The RX-7 was one of the few Group B Rally cars that actually had a substantial production version. The road going RX-7 was incredibly popular as a production car, selling well more than the necessary 200 for homologation. The rally version of the RX-7 had an aggressive body kit and a turbocharged version of the 1.3 Wankel Rotary making 300 hp. However, it was not incredibly successful in Group B, with its best performance in 1985 Acropolis Rally in Greece, taking 3rd.
The RWD of the RX-7 hampered it compared with the Quattro and 205 T16’s 4WD, and in the final Group B season Mazda put forth the Familia. The Familia was relatively underpowered and failed to make an impact, recording only 9 points on the season, though it did have 4WD. Mazda came in 11/12 for the season, proving the Familia’s ineptness.
Opel Ascona/Manta B 400
Opel was routinely one of the top challengers in Group B, first using the Ascona 400 and then the Manta B 400. The Ascona 400 was originally built for Group 4 rallying and was allowed to compete during the transition to Group B regulations in 1982. It featured a bored and stroked 2.4 L engine that was capable of up to 340 hp in the rally versions. Opel developed the engine in conjunction with Cosworth, who designed the cylinder head. Irmscher created the aerodynamic body kit, which had wider wings, a lighter hood, and other features that made it cut through the air better than the production version.
Walter Röhrl piloted the Ascona 400 to the Driver’s Championship in 1982, marking the last RWD victory in WRC history. Starting mid-season in 1983, Opel began using the upgraded version of the Ascona 400, the Manta 400 B. The Manta B 400 had the same naturally aspirated engine as the Ascona 400 and made the same 340 hp.
Yet, due to its RWD drivetrain, the Manta 400 had pretty much no chance competing once true Group B cars became the norm starting in 1984. The Peugeot 205 T16 and Audi Quattro Sport S1 made the Manta 400 almost irrelevant in WRC. It placed in the top 3 only two times from 1983-1986, though it was still competitive in local non-WRC rallies.
Peugeot 205 Turbo 16
While Peugeot’s early entries into Group B Rally were relatively forgettable, it was their ultimate creation that really turned heads. For the 1982-1983 WRC seasons, Peugeot used the 504 V6, 505, and 104 models. They were all RWD and could not compete with most of the other cars transferring from Group 4.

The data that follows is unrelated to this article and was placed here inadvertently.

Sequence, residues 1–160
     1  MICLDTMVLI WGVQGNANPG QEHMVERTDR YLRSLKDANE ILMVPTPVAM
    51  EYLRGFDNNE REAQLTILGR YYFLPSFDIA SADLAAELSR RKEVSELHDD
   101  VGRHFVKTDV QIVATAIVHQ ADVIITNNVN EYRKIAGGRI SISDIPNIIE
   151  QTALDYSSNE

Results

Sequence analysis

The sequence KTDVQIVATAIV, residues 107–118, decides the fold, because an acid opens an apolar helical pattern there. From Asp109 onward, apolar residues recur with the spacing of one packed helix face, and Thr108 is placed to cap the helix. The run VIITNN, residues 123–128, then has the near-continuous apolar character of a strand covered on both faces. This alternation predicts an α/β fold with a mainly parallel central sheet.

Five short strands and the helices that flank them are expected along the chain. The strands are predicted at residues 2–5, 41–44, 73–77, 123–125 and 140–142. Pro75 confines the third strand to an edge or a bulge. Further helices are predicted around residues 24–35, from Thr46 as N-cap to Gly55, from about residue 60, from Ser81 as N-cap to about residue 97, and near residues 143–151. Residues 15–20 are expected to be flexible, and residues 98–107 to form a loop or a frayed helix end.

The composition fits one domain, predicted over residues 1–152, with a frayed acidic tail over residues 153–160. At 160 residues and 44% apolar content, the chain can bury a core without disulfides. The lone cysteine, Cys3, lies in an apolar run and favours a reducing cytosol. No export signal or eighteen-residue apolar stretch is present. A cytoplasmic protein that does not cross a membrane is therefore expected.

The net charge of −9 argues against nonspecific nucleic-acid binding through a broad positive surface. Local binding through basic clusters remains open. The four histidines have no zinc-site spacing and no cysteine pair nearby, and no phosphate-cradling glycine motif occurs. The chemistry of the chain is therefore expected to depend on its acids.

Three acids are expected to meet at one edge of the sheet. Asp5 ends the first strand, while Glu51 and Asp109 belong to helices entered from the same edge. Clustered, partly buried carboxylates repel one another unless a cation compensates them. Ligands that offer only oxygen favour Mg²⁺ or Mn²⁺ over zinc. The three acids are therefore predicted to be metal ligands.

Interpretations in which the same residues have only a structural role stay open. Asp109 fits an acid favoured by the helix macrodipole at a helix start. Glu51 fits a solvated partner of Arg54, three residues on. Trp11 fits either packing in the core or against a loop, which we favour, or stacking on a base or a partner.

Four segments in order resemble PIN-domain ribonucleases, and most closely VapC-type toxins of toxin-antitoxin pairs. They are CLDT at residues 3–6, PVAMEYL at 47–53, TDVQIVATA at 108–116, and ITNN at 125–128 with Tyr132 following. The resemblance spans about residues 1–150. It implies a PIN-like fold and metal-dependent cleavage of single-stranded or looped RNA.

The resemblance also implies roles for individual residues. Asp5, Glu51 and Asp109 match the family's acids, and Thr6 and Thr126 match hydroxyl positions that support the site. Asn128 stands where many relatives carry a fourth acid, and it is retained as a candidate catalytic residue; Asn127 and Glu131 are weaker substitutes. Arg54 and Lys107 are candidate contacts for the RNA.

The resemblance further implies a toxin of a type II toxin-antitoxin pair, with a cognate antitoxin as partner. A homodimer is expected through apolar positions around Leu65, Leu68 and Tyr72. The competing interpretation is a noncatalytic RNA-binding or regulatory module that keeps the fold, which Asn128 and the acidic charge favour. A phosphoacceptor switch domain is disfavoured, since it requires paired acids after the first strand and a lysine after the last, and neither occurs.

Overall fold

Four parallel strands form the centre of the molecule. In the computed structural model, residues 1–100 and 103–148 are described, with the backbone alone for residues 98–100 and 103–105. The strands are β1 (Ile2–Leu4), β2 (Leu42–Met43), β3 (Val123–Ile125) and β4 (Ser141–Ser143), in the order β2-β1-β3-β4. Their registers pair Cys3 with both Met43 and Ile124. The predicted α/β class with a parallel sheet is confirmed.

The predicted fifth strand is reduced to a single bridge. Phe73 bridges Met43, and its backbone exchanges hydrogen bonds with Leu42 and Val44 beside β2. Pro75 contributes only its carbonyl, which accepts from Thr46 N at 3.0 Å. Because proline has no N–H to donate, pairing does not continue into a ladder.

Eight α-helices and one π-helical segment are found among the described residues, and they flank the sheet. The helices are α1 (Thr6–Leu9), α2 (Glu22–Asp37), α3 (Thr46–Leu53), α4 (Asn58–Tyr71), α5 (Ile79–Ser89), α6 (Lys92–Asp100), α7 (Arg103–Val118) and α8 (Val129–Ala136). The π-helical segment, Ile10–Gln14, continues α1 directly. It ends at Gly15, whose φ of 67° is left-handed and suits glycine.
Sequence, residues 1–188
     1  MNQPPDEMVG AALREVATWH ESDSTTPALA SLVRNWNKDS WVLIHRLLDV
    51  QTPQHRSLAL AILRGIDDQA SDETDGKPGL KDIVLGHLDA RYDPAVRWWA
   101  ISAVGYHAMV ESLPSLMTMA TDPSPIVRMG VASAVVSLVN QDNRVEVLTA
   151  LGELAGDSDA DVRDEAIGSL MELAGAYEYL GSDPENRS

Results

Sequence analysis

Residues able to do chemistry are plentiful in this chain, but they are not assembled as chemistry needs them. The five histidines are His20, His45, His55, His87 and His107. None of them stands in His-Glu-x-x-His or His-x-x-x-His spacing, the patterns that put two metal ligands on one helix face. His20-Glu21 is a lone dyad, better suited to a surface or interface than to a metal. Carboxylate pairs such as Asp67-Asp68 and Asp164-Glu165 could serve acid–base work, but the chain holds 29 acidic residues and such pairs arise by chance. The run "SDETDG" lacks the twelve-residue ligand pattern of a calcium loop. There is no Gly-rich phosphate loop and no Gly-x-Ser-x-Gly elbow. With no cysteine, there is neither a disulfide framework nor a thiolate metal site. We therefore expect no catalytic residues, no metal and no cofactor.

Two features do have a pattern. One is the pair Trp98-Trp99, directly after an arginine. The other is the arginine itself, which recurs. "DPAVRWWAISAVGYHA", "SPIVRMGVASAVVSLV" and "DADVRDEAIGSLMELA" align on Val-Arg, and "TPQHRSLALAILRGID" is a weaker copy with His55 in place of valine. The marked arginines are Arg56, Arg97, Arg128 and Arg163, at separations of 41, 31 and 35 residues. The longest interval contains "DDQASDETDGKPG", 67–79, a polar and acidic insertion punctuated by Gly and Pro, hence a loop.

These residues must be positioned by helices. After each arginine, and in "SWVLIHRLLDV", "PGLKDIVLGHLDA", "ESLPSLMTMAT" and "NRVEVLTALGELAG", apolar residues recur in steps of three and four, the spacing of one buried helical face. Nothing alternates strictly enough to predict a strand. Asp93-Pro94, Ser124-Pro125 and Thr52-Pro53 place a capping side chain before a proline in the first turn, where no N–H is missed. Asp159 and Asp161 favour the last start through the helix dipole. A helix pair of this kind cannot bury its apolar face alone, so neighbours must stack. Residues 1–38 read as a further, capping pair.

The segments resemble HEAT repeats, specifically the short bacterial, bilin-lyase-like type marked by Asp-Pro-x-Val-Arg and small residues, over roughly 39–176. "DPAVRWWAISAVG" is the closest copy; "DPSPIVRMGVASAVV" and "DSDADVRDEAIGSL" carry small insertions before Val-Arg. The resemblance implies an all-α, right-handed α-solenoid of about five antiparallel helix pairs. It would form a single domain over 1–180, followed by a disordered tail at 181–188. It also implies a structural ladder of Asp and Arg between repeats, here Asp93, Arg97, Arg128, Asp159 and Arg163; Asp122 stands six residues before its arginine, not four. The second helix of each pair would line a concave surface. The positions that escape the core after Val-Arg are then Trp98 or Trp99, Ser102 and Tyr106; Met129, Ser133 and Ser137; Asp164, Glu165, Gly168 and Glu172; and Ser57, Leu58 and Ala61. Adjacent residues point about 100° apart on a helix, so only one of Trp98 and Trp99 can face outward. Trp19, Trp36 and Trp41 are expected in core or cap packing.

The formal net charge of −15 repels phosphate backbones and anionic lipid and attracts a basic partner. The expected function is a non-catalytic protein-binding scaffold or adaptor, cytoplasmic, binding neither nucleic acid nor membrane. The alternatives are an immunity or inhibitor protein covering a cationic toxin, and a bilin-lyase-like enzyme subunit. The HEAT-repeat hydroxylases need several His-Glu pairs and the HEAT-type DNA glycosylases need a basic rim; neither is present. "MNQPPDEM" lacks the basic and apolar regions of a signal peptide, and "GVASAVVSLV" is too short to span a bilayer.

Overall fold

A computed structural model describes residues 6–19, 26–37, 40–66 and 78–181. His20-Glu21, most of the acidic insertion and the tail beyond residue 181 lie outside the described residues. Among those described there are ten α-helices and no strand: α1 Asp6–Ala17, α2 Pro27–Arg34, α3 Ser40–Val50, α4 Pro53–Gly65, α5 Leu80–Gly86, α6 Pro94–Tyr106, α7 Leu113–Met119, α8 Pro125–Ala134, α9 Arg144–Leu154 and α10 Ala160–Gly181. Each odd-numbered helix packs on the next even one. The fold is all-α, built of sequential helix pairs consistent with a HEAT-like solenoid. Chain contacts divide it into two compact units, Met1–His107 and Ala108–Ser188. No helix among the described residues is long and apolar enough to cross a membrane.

However, Peugeot struck gold when they teamed up with British manufacturer Talbot. Together, they created Peugeot Talbot Sport and launched the 205 T16 for the 1984 season. The 205 was immediately a hit with its lightweight chassis, 4WD drivetrain, and brutally efficient 1.8 L turbocharged engine. The 205 T16 E1, the first version, made 350 hp from its twin-scroll turbo and Bosch Jetronic fuel injection. Peugeot bumped power up to 550 hp by the end of the 205 T16 E2’s run in 1986.
The Peugeot was an instant challenge to the Audi Quattro Sport and quickly proved to be superior. Its 4WD system was more reliable and less complex, and the car handled much better on tarmac. The 205 T16 dominated the 1985-1986 seasons, instantly becoming the fan favorite over the Quattro Sport. Plans for a 205 T16 E3 version ended up stopping after Group B ended.
Group B Rally Legacy
Today, Group B Rally stands out as one of the craziest eras in motorsports history. It featured some of the most powerful cars of the 1980s, and indeed all motorsports history, blasting through rallies in relatively primitive 4WD systems. Manufacturers like Audi, Peugeot, Lancia, and Opel created some absolutely monster machines, though unfortunately they were short lived.
Group B Rally turned out to be just too dangerous to continue. Injuries and deaths started to mount up in the 1986 season, scaring off drivers and manufacturers. By the end of the year, Group B was on its way out as WRC realized the need for more safety. Highly engineered and tuned beasts like the Quattro Sport, 205 T16, Delta S4, and Manta 400, were soon sport-less. Though manufacturers re-imagined them for other uses, their initial Group B purposes were never realized.
There are still historical rally classes that allow for Group B Rally cars to race, though not nearly at the same level of competition. Unfortunately, Group B Rally is forever gone, a permanent resident of the mid-’80s zeitgeist.
Still, it’s never too late to talk about Group B or learn its history. What is your connection to Group B Rally and WRC? Did you follow it growing up as a kid or are you just getting into it now a few decades later? Let us know what you think about Group B Rally in the comments below!